These pretty red berries are a great source of vitamin C, potassium and fiber. Whether you feed them raw, blended, frozen or chopped up, your cat will likely enjoy this little treat. It can help boost their immune system as well.
With vitamin A, B6, C, folate and minerals, cats can eat this tropical treat. Be aware that this fruit does contain a high amount of sugar, so it should only be given in small portions. It’s best to choose fresh pineapple because the canned version has even more sugar. Avoid feeding your cat this fruit if they have diabetes.
In addition to being safe for cats to eat, they might enjoy playing with these fruits. With a substantial amount of vitamin C and antioxidants, this fruit prevents oxidative stress and lowers the risk of your cat getting a UTI. As with all fruits, you’ll only want to give them a small amount. 
While the seeds, stems and leaves are best avoided (they contain cyanide), the actual apple has lots of antioxidants, fibers, and vitamins. This tart-y treat will please your cat’s senses, and may also act as an efficient teeth cleaner.
As carnivores, cats can eat all types of meat. This includes poultry – chicken, turkey and duck. Poultry is a great source of protein, especially the skeletal muscle, like breast and thigh. Stick to giving your cat these lean meats. And while duck also has a lot of nutrients, it does have a lot of fat, so is best given in smaller portions. Although cats can eat raw meat, it is safer to cook meat thoroughly before giving it to your cat (make sure it reaches a temperature of at least 165 degrees Fahrenheit).
All types of beef are great for your feline, particularly ground beef. It is easy for your cat to chew and is more affordable than other meats. You can also give your cat beef organs, which are very nutrient dense, but remember to only give this in small portions. Cook any beef products to a minimum of 145 degrees Fahrenheit, and ground beef should reach a temperature of at least 165 degrees Fahrenheit before serving.
Because it has a high fat content, pork should only be given occasionally, and in small amounts. But please give this meat slowly, as some cats can have an allergic reaction to it.
Lamb and Veal
Though lamb and veal are more expensive than other meats, they are a tasty treat for a cat. These are rich meats, however, so they need to be given in smaller portions.
Eggs are present in many popular cat foods as they offer a great source of protein. They also have a high amount of vitamin B. It’s vital to cook eggs fully before giving it to your cat.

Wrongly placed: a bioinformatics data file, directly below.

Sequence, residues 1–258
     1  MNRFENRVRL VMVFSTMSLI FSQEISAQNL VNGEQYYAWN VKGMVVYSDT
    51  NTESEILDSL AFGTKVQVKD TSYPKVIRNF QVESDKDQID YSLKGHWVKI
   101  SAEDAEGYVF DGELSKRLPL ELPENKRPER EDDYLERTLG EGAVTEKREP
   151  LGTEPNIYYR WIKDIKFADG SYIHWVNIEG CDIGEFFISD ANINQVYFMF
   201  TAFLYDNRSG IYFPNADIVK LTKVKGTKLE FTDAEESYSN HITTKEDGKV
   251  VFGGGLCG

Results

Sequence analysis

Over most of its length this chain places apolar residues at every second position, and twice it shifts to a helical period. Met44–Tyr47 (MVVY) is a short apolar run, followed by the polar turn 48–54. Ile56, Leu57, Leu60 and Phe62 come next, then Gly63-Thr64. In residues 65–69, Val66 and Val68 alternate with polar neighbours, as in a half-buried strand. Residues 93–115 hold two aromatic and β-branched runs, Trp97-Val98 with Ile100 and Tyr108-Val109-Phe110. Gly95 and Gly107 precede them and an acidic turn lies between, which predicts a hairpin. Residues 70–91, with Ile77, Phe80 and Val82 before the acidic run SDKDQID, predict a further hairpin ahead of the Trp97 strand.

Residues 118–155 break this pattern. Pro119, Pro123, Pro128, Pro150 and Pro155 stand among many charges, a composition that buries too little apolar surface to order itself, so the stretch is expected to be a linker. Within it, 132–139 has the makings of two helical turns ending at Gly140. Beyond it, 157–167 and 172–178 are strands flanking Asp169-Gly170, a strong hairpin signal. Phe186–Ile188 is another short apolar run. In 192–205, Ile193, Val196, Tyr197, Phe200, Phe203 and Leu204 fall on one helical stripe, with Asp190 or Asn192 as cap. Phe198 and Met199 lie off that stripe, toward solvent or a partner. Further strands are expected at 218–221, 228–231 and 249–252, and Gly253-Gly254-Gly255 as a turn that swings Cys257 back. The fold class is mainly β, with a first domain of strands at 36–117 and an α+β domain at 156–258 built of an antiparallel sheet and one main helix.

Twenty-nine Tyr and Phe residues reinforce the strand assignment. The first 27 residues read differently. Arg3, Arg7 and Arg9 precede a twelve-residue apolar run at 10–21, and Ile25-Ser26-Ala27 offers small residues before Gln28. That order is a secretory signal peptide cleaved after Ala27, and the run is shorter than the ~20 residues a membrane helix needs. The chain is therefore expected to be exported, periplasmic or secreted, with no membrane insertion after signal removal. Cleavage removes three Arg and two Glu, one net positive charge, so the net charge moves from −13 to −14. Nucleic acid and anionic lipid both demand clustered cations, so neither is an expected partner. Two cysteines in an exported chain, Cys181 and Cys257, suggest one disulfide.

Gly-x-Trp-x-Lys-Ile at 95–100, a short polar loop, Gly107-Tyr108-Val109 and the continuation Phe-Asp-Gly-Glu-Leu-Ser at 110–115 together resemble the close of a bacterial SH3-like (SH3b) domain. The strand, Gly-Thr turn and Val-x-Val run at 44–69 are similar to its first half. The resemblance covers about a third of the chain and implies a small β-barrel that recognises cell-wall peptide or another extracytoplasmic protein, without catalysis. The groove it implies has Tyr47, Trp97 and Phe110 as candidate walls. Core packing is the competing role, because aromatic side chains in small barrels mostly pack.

Easy to chew, oatmeal has a high source of fiber and B vitamins. Much of today’s popular cat foods contain oatmeal. Although it’s great for cats, some might not like it. Incorporate this food slowly as that will give the cat more time to decide if they like it.
Often given to cats when they have diarrhea, pumpkin is known for its high fiber content, which promotes bowel regularity. There are even supplements you can give your cat that contain pumpkin. It’s best to give this food in puree form. Make sure it’s 100% pumpkin, as many store bought pumpkins contain spices, especially if they’re for pumpkin pies.
You wouldn’t think that cheese would be safe for cats to eat, but it is! Obviously, you’ll need to limit your cat’s intake of this delicious food, as it has a lot of fat. Feed your cat hard cheese like Swiss, cheddar or gouda. With lots of calcium and protein, they can be a nutritious little snack for your feline.
Many human foods are safe for cats to eat! While this list isn’t comprehensive, it’s made up of some of the most thoroughly researched and vetted human foods for cats. If you want to experiment with giving your cat human food, this list is a great place to start. As with any new diet, please incorporate slowly, and remember that human food should not be your cat’s main source of sustenance. It’s best to give human food in moderation, and think of it more as a rare treat.
*The content provided in CatProductGuide.com is not, without limitations, medical advice and/or professional advice and should not be construed and/or considered to be. We advise you to contact your pet’s veterinary care physician for specific treatment and care.*